WASTE-DERIVED FUELS FOR CO-PROCESSING IN ROTARY CEMENT KILNS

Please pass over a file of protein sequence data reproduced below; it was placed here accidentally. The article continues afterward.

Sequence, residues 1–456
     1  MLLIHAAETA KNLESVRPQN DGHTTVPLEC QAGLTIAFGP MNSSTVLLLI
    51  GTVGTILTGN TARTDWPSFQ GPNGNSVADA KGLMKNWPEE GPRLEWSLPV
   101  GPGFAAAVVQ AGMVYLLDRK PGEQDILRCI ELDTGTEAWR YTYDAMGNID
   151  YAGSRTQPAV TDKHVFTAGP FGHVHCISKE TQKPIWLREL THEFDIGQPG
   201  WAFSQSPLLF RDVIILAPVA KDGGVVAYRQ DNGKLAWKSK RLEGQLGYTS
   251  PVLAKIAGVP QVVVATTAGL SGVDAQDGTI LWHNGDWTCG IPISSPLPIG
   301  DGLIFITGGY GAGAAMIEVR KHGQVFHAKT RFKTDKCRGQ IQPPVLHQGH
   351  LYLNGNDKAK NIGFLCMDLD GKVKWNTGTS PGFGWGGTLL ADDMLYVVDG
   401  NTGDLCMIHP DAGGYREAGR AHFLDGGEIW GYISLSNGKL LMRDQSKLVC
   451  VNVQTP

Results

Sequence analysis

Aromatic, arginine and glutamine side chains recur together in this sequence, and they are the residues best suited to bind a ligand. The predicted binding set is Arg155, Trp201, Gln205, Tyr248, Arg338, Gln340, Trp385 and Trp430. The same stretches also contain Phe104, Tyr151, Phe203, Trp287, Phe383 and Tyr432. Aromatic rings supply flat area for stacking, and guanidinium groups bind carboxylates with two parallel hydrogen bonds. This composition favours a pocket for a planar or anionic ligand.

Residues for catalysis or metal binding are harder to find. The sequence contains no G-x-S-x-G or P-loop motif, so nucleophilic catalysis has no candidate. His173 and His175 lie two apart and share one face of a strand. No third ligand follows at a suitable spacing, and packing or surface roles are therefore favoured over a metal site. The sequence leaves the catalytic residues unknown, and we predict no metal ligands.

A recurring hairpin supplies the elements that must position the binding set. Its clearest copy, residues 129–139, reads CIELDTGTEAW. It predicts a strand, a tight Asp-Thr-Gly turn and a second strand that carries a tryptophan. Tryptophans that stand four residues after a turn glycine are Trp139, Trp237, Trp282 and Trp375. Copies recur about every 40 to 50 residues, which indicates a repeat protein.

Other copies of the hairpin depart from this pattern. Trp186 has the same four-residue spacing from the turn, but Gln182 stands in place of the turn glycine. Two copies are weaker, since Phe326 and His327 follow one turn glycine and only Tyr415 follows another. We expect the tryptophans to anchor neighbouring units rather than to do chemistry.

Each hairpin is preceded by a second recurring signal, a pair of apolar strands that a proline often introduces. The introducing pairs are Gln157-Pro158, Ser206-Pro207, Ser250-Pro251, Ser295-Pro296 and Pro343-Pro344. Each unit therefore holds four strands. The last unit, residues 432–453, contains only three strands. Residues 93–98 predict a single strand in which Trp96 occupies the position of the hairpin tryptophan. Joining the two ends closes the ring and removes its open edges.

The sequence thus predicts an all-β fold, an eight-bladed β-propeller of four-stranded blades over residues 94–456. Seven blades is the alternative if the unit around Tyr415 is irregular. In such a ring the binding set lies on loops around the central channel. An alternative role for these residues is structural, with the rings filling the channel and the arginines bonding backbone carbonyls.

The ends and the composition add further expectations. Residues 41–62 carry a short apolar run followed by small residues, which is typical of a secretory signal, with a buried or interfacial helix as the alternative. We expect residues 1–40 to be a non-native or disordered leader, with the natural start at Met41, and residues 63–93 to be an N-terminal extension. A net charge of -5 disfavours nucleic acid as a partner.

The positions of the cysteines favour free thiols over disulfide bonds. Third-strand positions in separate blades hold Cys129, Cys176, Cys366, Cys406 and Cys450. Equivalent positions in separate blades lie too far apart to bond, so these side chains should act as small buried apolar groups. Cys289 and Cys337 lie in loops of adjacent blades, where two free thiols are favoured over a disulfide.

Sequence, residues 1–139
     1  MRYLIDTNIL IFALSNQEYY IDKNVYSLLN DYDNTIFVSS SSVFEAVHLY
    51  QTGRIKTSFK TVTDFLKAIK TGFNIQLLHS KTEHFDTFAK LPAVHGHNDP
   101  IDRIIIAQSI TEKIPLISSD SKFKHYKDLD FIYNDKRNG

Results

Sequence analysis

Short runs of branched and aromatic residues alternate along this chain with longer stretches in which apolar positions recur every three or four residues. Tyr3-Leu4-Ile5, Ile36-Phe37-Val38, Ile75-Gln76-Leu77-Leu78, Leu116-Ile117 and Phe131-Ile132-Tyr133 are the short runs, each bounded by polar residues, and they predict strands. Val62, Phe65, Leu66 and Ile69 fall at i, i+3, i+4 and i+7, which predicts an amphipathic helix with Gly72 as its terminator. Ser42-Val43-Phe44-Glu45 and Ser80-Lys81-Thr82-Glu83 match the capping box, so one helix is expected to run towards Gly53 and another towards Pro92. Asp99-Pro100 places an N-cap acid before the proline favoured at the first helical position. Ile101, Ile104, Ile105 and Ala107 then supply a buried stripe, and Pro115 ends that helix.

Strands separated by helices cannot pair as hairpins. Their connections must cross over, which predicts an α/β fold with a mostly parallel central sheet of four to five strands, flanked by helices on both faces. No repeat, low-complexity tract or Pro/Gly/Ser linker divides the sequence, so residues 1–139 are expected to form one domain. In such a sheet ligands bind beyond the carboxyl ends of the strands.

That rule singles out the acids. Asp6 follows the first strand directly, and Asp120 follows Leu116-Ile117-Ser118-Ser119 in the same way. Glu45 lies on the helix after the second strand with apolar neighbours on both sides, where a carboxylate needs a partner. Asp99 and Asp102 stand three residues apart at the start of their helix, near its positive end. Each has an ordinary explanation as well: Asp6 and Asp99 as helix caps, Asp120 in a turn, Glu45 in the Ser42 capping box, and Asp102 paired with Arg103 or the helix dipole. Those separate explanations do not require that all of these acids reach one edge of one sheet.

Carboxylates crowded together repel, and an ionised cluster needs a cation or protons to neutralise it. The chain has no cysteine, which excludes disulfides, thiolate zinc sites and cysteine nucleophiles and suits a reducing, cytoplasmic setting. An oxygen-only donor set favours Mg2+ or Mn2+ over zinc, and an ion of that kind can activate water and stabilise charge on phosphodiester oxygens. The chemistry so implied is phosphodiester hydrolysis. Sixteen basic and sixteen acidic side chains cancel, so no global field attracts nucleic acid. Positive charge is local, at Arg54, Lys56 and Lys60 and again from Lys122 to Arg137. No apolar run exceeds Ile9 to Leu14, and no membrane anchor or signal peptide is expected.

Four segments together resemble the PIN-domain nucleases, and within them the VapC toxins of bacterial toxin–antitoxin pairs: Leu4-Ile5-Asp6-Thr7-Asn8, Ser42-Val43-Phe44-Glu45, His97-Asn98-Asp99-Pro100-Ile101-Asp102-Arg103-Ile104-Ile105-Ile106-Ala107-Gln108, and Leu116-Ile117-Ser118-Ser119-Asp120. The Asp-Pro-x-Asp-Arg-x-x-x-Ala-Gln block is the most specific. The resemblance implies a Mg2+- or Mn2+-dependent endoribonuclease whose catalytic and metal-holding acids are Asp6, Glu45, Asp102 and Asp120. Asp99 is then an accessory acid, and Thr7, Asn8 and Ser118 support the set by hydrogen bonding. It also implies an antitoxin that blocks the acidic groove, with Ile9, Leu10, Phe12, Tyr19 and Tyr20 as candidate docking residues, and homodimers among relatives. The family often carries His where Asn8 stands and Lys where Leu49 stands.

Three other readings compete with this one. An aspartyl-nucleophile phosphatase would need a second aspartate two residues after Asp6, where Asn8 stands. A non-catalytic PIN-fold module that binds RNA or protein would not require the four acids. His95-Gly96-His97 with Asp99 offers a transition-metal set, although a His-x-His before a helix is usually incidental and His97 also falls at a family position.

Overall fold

Co-processing waste as alternative fuel in cement kilns presents a two-pronged solution to cost and environmental concerns in resource utilization. It is the simultaneous recovery of energy and recycling of resources where waste from different sources are used in the manufacture of a valuable commodity such as cement. In this study, bench-scale and full-scale experiments have been used to identify and characterize examples of waste-derived fuels (WDF) available for co-processing in cement kilns in Nova Scotia, Canada. Field trials were used to select optimum kiln delivery approaches which overcame practical operational challenges in the delivery of waste asphalt roofing shingles (WARS) into the local cement kiln. The consumption of shingles was improved from 5% to 17% by mass of total fuel combusted. A bench-scale tube furnace was used to determine the volatile organic compounds (VOC) content and particle distribution of combustion products generated from WDF. Plastic-derived fuel (PDF) from low density polyethylene (LDPE) film, plastic containers and expanded polystyrene (EPS) were found to have better thermal performance compared to waste carpets and discarded clothing on an equivalent energy basis. With respect to calorific value, moisture content and ash content of the WDF, thermal performance indicators, observed in full-scale tests, such as clinker production rate, kiln gas flowrate and kiln gas temperature matched bench-scale trends in residual VOC emission from the combustion of WDF. A heated grid reactor (HGR) was designed and constructed, and then used in conjunction with Thermogravimetric analysis (TGA) and emission measurements, in several combustion experiments on waste plastics, waste shingles and blends with coal and coke. Particulate emissions sampled from the combustion of the fuel blends containing WDF did not differ significantly from that of the mixture of coal and coke only. Indeed, blending with plastics and shingles was seen to improve the combustion efficiency by reducing the time to ignition (TTI) and the extent of devolatilization achieved in the coal and coke fuel samples over a 5 to 10 second fast heating period. Using these experiments, a bench-scale screening procedure for WDF to be used as cement kiln fuel was applied to study, assess and to provide preliminary expectations for WDF application in a local cement kiln. The results also showed that the proper co-processing of WDF in Nova Scotia will not only result in macro-scale environmental gains, but also improve the efficiency of the combustion process on a micro level without significantly affecting particulate emissions.